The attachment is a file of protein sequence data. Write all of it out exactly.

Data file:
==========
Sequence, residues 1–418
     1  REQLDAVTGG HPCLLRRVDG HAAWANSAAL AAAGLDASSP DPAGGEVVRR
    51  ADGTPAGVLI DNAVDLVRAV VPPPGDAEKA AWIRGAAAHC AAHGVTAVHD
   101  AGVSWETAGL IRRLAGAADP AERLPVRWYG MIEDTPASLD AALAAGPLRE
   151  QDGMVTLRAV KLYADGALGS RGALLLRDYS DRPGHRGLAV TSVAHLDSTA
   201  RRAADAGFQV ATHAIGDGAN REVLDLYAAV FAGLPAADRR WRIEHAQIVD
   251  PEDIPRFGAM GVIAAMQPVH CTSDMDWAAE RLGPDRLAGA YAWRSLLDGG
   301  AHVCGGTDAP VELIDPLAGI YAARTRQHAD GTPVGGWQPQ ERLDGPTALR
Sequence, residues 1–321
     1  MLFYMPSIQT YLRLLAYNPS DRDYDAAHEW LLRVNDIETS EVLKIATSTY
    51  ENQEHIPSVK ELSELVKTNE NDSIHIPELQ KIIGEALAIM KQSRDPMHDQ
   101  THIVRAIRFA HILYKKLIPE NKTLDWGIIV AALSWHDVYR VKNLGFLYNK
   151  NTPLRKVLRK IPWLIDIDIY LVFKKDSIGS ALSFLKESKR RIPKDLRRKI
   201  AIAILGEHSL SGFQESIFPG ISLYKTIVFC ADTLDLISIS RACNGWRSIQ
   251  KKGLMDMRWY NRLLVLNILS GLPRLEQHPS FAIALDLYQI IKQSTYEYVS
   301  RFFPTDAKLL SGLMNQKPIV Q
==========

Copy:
Sequence, residues 1–418
     1  REQLDAVTGG HPCLLRRVDG HAAWANSAAL AAAGLDASSP DPAGGEVVRR
    51  ADGTPAGVLI DNAVDLVRAV VPPPGDAEKA AWIRGAAAHC AAHGVTAVHD
   101  AGVSWETAGL IRRLAGAADP AERLPVRWYG MIEDTPASLD AALAAGPLRE
   151  QDGMVTLRAV KLYADGALGS RGALLLRDYS DRPGHRGLAV TSVAHLDSTA
   201  RRAADAGFQV ATHAIGDGAN REVLDLYAAV FAGLPAADRR WRIEHAQIVD
   251  PEDIPRFGAM GVIAAMQPVH CTSDMDWAAE RLGPDRLAGA YAWRSLLDGG
   301  AHVCGGTDAP VELIDPLAGI YAARTRQHAD GTPVGGWQPQ ERLDGPTALR
Sequence, residues 1–321
     1  MLFYMPSIQT YLRLLAYNPS DRDYDAAHEW LLRVNDIETS EVLKIATSTY
    51  ENQEHIPSVK ELSELVKTNE NDSIHIPELQ KIIGEALAIM KQSRDPMHDQ
   101  THIVRAIRFA HILYKKLIPE NKTLDWGIIV AALSWHDVYR VKNLGFLYNK
   151  NTPLRKVLRK IPWLIDIDIY LVFKKDSIGS ALSFLKESKR RIPKDLRRKI
   201  AIAILGEHSL SGFQESIFPG ISLYKTIVFC ADTLDLISIS RACNGWRSIQ
   251  KKGLMDMRWY NRLLVLNILS GLPRLEQHPS FAIALDLYQI IKQSTYEYVS
   301  RFFPTDAKLL SGLMNQKPIV Q